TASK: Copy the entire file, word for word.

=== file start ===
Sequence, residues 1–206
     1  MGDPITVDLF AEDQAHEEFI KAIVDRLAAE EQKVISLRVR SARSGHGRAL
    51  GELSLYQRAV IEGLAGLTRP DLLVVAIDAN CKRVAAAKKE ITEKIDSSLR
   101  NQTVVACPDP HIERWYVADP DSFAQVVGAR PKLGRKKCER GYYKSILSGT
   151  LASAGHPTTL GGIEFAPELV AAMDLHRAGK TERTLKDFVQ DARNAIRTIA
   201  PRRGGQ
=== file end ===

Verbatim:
Sequence, residues 1–206
     1  MGDPITVDLF AEDQAHEEFI KAIVDRLAAE EQKVISLRVR SARSGHGRAL
    51  GELSLYQRAV IEGLAGLTRP DLLVVAIDAN CKRVAAAKKE ITEKIDSSLR
   101  NQTVVACPDP HIERWYVADP DSFAQVVGAR PKLGRKKCER GYYKSILSGT
   151  LASAGHPTTL GGIEFAPELV AAMDLHRAGK TERTLKDFVQ DARNAIRTIA
   201  PRRGGQ